The Jayhawk State

When asking, “What is Kansas most famous for in terms of history?” another popular answer you’ll get is Jayhawk state. It’s all thanks to Pat Devlin, an Irishman, who used “jayhawking” as his reason for participating in the raids discussed above.

Kansans were referred to as Jayhawks, while Missourians gained the Bushwacker designation. Factually, Jayhawk is a bird that lives off other birds, but Author Kirke Mecham turned it into an immortal mythical creature.

The Grasshopper State

If you browse through Kansas facts in history books, you’ll come across the Rocky Mountain Locust Plague of 1874. It was an incident where millions of locusts or grasshoppers swarmed down upon some parts of the US. It might not be exclusive to Kansas, but the state survived it but was once again attacked a year after.

What is Kansas Known for Producing?

Kansas Wheat

Kansas has long been thriving in agriculture since the 19th century, thanks to its fertile soil. In fact, the Northern newspapers started referring to it as the Garden of the West or The Garden State. Not only that, but people also made a living through livestock meat production.

Today, the state has almost 46 million acres of ranches and farms. Here are the types of produce the State of Kansas is most famous for:


Gaining the “Wheat State” nickname in the early 20th century, Kansas continues to surpass the other states in wheat production. It’s the first grain the state was able to produce in high numbers. Other grains in terms of what Kansas is known for are corn, soybean, and sorghum.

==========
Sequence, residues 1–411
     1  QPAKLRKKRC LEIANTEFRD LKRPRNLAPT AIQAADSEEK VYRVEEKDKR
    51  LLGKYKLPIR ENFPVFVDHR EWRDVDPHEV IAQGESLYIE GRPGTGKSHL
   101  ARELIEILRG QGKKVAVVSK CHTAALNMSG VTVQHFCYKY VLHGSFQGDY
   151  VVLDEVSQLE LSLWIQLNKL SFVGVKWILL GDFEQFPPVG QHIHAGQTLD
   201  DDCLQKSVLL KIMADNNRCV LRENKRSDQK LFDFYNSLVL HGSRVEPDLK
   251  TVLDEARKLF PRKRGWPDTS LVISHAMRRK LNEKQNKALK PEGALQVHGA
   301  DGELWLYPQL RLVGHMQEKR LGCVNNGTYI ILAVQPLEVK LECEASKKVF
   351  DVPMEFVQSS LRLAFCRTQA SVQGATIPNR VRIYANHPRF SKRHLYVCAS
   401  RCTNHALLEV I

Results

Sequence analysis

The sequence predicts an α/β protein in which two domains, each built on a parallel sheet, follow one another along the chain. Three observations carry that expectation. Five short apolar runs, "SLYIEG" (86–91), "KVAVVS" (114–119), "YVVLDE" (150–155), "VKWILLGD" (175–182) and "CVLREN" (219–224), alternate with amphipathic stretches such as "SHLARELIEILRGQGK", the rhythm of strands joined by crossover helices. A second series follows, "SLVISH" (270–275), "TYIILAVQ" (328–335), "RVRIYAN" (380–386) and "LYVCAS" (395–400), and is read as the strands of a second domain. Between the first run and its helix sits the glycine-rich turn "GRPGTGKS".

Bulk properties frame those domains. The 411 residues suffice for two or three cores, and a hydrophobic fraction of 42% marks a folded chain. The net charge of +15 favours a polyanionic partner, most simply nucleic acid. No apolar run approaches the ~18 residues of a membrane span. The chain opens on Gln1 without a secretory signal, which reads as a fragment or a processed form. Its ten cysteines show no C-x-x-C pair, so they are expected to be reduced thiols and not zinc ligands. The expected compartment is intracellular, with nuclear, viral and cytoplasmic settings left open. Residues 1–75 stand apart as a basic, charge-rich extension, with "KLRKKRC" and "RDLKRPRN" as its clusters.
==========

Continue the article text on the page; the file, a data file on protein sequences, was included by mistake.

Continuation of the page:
With the millions of bushels of these grains produced and distributed throughout the country, the state ranked high in theĀ 2017 Census of AgricultureĀ for grain production.

Cattle and Calf Meat

Kansas facts confirm that it’s the second-largest cattle and calf meat producer in the US. This was all thanks to a hub for herding and trails for shipping in the late 1800s when demand for beef cattle increased.


Unlike grains and meat, Kansas produced cotton in a later year around the 1990s, all thanks to the passing of the 1995 Farm Bill. It gave farmers the freedom to grow any crop while still receiving benefits.

Cotton was one of the top choices for Kansas farmers because of the low prices of the grains mentioned above. In fact, approximately 2% of corn farmers in the state shifted to cotton production.

Today, it is one of the fastest-growing commodities in the country, and the state produces around a hundred thousand bales of cotton.

What is Kansas City Known For?

Now that you know what Kansas is known for, let’s become more familiar with the state by learning about Kansas City.

What Food is Kansas City Known For?